United States, Civil War Service Records of Confederate Soldiers - FamilySearch Historical Records
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United States Civil War Service Records of Confederate Soldiers, 1861-1865
|This article describes a collection of records at FamilySearch.org.|
|Flag of the United States of America|
|Civil War flag 1861 (33 stars)|
|National Archives and Records Administration Logo|
|Record Type||Compiled Service Records|
|Record Group||RG 109: War Department Collection of Confederate Records|
|Microfilm Publication||M258. Compiled Service Records of Confederate Soldiers Who Served in Organizations Raised Directly by the Confederate Government.. 123 rolls.|
|National Archives and Records Administration|
- 1 What is in This Collection?
- 2 What Can These Records Tell Me?
- 3 Collection Content
- 4 How Do I Search This Collection?
- 5 What Do I Do Next?
- 6 Citing This Collection
- 7 How Can I Contribute to the FamilySearch Wiki?
What is in This Collection?[edit | edit source]
The collection consists of Confederate service records of soldiers who served in organizations raised by the Confederate Government for the years 1861 to 1865. The records include abstracts of entries relating to the soldier as found in the following original records:
- Muster rolls
- Appointment books
- Hospital registers
- Union prison registers and rolls
- Parole rolls
- Inspection reports
For each military unit the service records are arranged alphabetically by the soldier's surname. The Military Unit field may also display the surname range (A-G) as found on the microfilm. This collection is a part of RG 109, War Department Collection of Confederate Records and is National Archive Microfilm Publication M258. Index courtesy of Fold3 (previously known as Footnote.com).
What Can These Records Tell Me?[edit | edit source]
The following information may be found in these records:
- Jacket name
- Soldier’s full name
- Age (often estimated)
- Military unit served in
- Type of records in file
- NARA publication number, title, and roll number
Collection Content[edit | edit source]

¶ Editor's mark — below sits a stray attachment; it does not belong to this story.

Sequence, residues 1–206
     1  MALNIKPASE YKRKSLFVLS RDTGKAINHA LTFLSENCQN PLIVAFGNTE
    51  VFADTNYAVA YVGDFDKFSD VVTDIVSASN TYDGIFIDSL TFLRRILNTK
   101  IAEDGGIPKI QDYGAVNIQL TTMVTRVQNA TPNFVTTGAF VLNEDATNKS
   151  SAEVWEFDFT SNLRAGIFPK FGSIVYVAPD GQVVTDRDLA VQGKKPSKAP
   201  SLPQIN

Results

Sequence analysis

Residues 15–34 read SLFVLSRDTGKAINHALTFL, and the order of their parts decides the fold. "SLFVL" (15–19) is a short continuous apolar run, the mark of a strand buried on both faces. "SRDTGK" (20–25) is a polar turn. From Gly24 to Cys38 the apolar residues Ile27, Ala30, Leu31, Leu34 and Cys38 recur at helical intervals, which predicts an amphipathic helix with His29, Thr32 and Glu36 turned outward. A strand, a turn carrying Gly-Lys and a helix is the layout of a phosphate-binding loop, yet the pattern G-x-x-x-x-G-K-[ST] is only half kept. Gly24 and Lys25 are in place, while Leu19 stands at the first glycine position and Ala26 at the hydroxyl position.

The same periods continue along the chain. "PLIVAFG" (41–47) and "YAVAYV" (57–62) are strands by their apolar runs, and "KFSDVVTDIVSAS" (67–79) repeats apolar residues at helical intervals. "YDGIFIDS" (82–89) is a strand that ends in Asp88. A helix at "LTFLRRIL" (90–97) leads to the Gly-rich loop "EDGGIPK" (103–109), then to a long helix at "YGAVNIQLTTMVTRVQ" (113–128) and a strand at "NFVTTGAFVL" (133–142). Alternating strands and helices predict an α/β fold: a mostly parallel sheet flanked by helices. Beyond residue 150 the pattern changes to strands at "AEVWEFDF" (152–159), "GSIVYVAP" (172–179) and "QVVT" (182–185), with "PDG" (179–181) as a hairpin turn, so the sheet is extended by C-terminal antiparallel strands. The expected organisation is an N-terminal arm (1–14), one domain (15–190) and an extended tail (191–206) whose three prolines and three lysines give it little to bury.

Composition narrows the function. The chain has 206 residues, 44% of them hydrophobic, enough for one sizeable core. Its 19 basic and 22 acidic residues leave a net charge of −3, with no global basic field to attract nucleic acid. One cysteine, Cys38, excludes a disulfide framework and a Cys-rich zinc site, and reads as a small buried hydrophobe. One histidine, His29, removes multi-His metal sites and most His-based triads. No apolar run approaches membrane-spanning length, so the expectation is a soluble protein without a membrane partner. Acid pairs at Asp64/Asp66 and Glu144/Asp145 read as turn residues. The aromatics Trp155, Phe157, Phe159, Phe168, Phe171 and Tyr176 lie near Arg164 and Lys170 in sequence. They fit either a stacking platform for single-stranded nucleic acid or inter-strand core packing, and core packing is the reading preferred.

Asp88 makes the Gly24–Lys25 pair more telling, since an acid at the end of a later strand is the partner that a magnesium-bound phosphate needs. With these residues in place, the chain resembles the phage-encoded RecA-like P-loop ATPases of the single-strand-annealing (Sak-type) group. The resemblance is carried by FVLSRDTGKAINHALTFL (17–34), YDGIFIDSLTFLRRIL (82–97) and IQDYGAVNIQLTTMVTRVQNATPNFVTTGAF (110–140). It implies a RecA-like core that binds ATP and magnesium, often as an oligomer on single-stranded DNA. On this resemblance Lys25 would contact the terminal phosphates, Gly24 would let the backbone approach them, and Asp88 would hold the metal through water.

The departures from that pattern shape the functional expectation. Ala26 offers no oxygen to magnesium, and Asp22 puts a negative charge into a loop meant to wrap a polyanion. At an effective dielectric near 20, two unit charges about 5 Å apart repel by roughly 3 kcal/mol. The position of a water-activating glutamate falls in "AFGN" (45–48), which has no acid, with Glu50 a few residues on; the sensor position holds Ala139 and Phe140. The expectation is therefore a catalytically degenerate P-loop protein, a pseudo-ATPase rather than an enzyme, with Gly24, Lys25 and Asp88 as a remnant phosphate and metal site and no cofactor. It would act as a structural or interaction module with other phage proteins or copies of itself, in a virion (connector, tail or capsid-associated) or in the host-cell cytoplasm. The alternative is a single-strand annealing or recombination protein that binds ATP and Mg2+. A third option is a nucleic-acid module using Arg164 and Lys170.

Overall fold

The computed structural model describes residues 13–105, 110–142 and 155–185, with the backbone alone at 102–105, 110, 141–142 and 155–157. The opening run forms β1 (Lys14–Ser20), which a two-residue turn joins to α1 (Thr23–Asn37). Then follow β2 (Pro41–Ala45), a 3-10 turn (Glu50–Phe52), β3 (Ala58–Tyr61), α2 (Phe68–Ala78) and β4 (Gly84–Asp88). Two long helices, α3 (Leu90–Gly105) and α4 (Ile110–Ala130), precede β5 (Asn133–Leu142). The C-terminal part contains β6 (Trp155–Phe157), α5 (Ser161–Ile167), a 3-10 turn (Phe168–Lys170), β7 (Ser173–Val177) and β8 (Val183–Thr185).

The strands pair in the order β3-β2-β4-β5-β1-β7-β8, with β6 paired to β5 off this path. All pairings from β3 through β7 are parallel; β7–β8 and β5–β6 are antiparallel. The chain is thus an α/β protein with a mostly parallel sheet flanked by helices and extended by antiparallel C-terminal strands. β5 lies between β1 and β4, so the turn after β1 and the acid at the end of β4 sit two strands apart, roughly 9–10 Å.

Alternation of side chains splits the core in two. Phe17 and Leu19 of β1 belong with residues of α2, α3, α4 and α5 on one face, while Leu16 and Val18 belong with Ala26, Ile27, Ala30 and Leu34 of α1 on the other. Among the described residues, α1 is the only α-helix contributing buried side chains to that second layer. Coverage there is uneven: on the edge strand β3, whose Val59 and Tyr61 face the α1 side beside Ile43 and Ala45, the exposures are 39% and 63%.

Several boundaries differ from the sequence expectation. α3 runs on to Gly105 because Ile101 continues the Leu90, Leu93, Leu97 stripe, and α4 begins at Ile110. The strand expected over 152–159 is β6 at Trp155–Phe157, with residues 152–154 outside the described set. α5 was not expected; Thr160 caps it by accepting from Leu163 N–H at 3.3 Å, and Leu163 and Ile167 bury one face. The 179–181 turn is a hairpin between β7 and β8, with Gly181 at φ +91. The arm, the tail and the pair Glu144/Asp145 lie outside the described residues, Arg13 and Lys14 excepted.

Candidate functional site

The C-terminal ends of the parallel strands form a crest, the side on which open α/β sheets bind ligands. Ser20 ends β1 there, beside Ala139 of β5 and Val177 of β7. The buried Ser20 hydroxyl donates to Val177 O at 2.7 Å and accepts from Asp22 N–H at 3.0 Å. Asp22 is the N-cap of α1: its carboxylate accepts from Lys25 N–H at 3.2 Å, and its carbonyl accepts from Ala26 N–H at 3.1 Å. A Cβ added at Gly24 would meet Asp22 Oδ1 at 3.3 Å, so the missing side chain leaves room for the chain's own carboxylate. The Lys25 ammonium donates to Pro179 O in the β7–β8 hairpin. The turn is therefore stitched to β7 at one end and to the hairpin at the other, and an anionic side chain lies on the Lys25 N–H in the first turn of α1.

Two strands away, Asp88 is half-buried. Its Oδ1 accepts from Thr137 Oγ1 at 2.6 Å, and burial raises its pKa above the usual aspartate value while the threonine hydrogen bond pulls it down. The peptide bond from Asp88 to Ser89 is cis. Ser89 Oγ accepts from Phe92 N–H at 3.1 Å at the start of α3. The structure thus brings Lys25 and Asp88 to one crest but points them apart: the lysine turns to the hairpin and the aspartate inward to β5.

The records are in individual files and usually include the following:
- A jacket-envelope for each soldier, labeled with his name, rank, and the unit in which he served
- A card (or cards) with abstracts of entries from original muster rolls, returns, rosters, payrolls, appointment books, hospital registers, Union prison registers and rolls, parole rolls, and inspection reports
- The originals of any papers relating only to the particular soldier
How Do I Search This Collection?[edit | edit source]
To begin your search you need to know:
- The name of your ancestor
- The age of your ancestor
- The military unit in which your ancestor served
Search the Index[edit | edit source]Search by name by visiting the Collection Details Page.
- Fill in the search boxes in the Search Collection section with the information you know
- Click Search to show possible matches
How Do I Analyze the Results?[edit | edit source]
Compare each result from your search with what you know to determine if there is a match. This may require viewing multiple records or images. Keep track of your research in a research log.
What Do I Do Next?[edit | edit source]
I Found the Person I Was Looking For, What Now?[edit | edit source]
- Use the estimated age to calculate a birth date
- Use the age and location of the military unit to find the soldier’s family in census, church, and land records
- Continue to search the index and records to identify other relatives
- When looking for a person who had a common name, look at all the entries for the name before deciding which is correct
- You may need to compare the information of more than one family or person to make this determination
- Be aware that, as with any index, transcription errors may occur
I Can't Find the Person I'm Looking For, What Now?[edit | edit source]
- Look for variant spellings of the names. You should also look for alias names, nicknames and abbreviated names
- Try alternative search methods such as only filling in the surname search box (or the given name search box) on the landing page leaving the other box empty and then click on search. This should return a list of everyone with that particular name. You could then browse the list for individuals that may be your ancestor
Research Helps[edit | edit source]
The following articles will help you in your research for your family in the United States.
- US Military Basic Search Strategies
- Beginning United States Civil War Research
- Locating a Confederate Civil War Soldier (1861–1865)
- United States Guided Research
- United States Record Finder
- Research Tips and Strategies
Citing This Collection[edit | edit source]
Citations help you keep track of places you have searched and sources you have found. Identifying your sources helps others find the records you used.
The citation for this collection can be found on the Collection Details Page in the section Citing this Collection.
When looking at a record, the citation can be viewed by clicking the drop-down arrow next to Document Information.
How Can I Contribute to the FamilySearch Wiki?[edit | edit source]
|We welcome user additions to FamilySearch Historical Records wiki articles. We are looking for additional information that will help readers understand the topic and better use the available records. We also need translations for collection titles and images in articles about records written in languages other than English. For specific needs, please visit WikiProject FamilySearch Records. |
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